Quoting Buchholtz: “Brain anatomy in theropods is relatively well known and falls into two distinct anatomical groups, suggesting different dominant sensory modalities and lifestyles. Allosaurids and large coelurosaurs retain primitive endocast shape and distinct cerebral and pontine flexures (Fig. 10.2). The optic tectum is obscured and must have been small. The cerebral hemispheres are not separable and show only modest convexity. The prediction of extremely large olfactory bulbs in Tyrannosaurus rex (Brochu 2000) has been scaled downward, but it still seems likely that smell was a dominant sense (Rogers 1998, 1999; Stokstad 2005; Saveliev and Alifanov 2007). Rogers (1998, 1999) described the vestibular apparatus of Allosaurus fragilis, which more closely resembles that of crocodylians than that of lizards, turtles, or birds. He used semicircular canal orientation to suggest that Allosaurus held its head at or very slightly (≤10 degrees) inclined to the horizontal. Burish et al. (2004) included endocranial casts of Tyrannosaurus, Allosaurus, and Carcharodontosaurus in an analysis of relative telencephalic (~cerebral) size and behavior in birds. Their data indicate values for theropods at or below the range of living reptiles, and predict low social complexity.”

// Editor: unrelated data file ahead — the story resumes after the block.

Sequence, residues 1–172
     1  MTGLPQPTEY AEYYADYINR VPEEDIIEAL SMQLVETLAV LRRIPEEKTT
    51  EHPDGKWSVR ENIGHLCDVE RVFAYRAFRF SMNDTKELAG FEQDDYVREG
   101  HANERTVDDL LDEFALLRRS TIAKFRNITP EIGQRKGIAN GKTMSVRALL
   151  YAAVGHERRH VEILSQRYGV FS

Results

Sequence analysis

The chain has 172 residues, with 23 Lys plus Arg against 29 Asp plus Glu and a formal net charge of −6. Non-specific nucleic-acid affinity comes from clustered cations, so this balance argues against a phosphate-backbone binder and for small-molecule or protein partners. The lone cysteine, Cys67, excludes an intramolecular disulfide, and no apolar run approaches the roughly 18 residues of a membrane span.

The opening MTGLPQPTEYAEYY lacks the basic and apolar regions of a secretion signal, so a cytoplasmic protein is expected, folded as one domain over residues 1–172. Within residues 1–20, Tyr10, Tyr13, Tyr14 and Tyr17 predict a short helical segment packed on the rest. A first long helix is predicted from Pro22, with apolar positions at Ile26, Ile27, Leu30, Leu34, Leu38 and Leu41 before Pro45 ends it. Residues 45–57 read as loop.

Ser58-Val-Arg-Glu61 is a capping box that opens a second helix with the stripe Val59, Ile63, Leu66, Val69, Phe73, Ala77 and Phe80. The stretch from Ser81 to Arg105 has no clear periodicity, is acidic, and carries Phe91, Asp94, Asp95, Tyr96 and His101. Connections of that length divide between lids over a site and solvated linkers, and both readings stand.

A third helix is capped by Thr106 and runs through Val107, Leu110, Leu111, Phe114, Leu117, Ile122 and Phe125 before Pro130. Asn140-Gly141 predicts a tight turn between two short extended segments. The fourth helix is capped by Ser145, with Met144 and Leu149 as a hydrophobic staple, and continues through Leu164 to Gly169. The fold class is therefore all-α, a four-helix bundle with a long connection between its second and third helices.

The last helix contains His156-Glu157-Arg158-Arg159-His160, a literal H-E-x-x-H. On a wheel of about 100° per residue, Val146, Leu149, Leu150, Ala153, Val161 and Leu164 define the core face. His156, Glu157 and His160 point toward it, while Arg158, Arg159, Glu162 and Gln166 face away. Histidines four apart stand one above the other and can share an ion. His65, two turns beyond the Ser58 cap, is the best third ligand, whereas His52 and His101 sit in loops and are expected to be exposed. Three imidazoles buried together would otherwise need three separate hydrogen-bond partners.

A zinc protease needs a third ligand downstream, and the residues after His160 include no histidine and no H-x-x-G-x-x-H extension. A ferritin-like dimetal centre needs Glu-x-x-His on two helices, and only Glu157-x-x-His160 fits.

Quoting Buchholtz: “Endocasts of small coelurosaurs (Russell 1969, 1972; Colbert and Russell 1969; Kundrát 2007) display a strikingly different anatomical pattern (Fig. 10.6). They retain details of brain anatomy and roofing bone sutures on their surfaces, suggesting that the brain filled the braincase nearly completely. Brain flexures are minimal and olfactory bulbs are small, indicating that smell was not a dominant sense. Cerebral hemispheres are separable, convex, and expanded laterally and/or posteriorly (Kundrát 2007), suggesting an active intelligence. The large optic lobes are visible either dorsally or displaced laterally by the large cerebrum, as in living birds. Russell (1969) associated the large optic lobes with large eyes and binocular vision, and it is likely that sight was the dominant sense. Kundrát (2007) described an expanded cerebellum with presumptive cerebellar folia among the avianlike characters of the oviraptorid theropod Conchoraptor, inferring excellent balance and coordination.